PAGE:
Gang burns out Customs truck after diesel raid
A CUSTOMS officer transporting confiscated diesel-laundering equipment had his truck hijacked and set on fire after accidentally crossing the Border into Northern Ireland.
A Revenue Commissioners spokesman last night condemned the attack, and said the officer had been badly shaken by the ordeal.
On Thursday, Customs officers had raided the biggest diesel-laundering operation to be found in Ireland in years.
The operation, located outside Castleblayney, Co Monaghan -- just a short distance from the Border -- had the capacity to process 20 million litres of fuel a year.
Its operators were estimated to be making a profit of €10m annually.
Customs sources say there was intimidation of staff as they prepared to leave the site on Thursday evening with a number of other vehicles driving in front of Customs officers.
This contributed to the Customs truck straying a short distance across the Border.
The driver attempted to do a U-turn but his path was blocked, the truck was rammed by a tractor and he was surrounded by four cars.
A number of men, who were not masked, got out of the cars wielding petrol cans. The Customs officer ran from the vehicle and the truck was set on fire.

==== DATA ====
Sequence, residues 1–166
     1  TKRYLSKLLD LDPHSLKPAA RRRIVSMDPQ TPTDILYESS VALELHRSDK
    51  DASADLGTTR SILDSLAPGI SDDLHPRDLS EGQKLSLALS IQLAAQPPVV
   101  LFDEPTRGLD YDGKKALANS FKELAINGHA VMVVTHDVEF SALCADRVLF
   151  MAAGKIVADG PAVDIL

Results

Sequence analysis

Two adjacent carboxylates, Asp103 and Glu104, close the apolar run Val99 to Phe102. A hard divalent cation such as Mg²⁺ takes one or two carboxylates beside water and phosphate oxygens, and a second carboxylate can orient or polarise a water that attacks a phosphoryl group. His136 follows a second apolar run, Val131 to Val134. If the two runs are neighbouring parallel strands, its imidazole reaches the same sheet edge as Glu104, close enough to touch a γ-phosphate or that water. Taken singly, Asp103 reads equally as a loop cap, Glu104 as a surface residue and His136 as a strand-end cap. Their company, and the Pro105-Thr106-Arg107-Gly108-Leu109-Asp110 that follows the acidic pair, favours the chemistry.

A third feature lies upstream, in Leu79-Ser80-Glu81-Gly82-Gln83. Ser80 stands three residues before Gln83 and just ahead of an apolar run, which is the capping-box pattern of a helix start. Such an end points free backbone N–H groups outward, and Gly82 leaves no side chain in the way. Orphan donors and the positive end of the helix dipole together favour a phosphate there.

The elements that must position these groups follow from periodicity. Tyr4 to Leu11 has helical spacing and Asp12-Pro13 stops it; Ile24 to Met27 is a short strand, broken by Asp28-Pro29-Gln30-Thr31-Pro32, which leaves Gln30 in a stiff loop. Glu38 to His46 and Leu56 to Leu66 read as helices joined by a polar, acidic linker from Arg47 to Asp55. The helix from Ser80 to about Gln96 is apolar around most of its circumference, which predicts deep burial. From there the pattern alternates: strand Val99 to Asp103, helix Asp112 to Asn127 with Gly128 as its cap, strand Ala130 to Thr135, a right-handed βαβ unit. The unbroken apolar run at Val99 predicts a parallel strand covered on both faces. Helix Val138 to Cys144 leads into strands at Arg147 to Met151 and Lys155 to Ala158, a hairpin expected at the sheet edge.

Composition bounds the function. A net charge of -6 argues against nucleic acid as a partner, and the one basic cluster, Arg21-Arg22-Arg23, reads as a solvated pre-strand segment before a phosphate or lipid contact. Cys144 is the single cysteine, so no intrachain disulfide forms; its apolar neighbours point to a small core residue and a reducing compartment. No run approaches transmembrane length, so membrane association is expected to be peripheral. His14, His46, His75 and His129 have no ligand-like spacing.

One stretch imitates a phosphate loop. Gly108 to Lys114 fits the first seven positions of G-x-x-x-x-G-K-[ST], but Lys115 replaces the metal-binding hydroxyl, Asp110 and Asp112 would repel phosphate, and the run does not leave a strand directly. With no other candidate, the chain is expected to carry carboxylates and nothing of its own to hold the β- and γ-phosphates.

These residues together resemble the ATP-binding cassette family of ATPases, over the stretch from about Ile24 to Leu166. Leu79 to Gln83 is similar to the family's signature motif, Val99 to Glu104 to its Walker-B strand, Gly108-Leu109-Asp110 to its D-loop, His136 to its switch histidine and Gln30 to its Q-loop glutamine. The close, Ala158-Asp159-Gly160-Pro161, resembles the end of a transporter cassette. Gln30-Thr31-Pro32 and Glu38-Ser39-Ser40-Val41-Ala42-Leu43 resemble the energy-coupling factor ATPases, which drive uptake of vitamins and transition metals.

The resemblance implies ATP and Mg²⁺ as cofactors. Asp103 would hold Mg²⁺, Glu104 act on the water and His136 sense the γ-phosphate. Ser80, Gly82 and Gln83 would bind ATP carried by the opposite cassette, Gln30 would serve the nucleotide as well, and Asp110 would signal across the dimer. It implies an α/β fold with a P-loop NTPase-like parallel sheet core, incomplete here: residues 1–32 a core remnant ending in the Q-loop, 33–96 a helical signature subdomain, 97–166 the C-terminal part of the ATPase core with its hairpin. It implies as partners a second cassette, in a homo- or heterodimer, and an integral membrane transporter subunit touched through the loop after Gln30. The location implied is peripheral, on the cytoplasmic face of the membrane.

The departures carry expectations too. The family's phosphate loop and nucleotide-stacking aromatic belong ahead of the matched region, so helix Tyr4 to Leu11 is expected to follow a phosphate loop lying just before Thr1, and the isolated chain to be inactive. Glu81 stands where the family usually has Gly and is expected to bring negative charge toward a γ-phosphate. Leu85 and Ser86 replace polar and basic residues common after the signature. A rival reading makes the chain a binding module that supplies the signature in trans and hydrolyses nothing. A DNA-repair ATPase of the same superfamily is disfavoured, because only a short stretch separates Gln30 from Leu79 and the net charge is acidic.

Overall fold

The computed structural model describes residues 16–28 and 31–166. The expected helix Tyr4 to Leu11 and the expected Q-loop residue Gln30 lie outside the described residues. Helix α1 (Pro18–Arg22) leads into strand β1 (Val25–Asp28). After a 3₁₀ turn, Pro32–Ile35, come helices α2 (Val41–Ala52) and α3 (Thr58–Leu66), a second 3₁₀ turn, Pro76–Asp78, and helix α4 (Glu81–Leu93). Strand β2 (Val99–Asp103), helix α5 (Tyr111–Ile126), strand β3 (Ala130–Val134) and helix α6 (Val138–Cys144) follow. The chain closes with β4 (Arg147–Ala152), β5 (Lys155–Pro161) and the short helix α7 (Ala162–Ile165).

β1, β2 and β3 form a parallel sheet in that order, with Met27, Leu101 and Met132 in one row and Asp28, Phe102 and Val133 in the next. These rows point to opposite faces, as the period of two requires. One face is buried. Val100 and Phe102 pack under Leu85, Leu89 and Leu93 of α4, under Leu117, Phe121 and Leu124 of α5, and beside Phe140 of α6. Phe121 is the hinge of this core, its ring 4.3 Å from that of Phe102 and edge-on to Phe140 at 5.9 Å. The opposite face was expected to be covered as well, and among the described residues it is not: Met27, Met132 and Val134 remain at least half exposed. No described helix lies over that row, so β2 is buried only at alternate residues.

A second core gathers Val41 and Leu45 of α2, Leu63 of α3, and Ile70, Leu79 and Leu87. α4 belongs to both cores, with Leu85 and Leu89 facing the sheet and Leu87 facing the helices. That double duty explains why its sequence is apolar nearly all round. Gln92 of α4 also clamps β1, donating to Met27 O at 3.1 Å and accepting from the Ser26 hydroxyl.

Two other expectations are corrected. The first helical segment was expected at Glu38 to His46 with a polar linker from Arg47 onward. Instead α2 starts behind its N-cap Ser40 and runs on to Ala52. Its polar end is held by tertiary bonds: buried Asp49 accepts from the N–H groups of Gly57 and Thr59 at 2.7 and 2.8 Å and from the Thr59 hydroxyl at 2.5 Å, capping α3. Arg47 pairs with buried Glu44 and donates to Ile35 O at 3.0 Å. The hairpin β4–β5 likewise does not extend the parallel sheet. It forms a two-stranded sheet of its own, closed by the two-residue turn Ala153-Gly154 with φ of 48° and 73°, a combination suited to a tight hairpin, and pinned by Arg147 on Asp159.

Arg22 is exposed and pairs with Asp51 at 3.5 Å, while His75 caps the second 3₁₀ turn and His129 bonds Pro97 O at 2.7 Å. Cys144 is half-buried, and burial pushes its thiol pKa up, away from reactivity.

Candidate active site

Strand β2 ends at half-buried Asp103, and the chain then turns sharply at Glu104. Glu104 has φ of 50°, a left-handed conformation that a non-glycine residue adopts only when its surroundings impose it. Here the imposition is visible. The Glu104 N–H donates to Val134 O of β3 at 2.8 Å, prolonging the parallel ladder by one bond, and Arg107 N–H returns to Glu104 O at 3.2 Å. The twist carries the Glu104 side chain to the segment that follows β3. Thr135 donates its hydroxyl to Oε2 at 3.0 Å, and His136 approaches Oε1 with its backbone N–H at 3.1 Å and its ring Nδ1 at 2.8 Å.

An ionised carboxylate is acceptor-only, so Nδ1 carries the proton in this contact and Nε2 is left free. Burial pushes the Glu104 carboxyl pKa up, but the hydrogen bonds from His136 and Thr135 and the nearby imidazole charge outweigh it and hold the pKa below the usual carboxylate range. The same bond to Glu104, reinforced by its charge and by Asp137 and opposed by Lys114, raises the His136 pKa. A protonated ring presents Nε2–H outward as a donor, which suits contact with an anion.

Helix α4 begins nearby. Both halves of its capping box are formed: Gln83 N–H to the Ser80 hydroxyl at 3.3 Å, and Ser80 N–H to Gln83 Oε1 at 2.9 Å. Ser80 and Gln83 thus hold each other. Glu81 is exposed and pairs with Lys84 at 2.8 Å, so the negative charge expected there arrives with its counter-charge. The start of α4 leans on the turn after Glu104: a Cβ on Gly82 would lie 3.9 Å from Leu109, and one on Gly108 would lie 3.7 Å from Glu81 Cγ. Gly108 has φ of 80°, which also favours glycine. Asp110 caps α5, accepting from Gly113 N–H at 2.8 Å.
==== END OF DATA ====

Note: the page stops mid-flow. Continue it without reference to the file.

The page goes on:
The PSNI said it was investigating a hi-jacking in the Crossmaglen area.
"This was an outrage and his life was in danger," a colleague of the officer who was driving the truck said.
Meanwhile, it will be next week at the earliest before it is known whether groundwater has been contaminated by the toxic residue from the plant.
There are also concerns the contamination could have reached a public water supply.
A number of trenches and ditches had been dug beside the laundering plant and the residue from the tanks being used to wash the diesel in was being drained into them.
"Our investigations are ongoing," Kieran Duffy of Monaghan County Council said.
"Staff took samples from various locations on the site and they have been sent for analysis. It will be next week before we get the results."
There were concerns the contaminants had reached part of the water supply for south Armagh but Mr Duffy yesterday said it was not thought the primary contamination was of groundwater in the vicinity.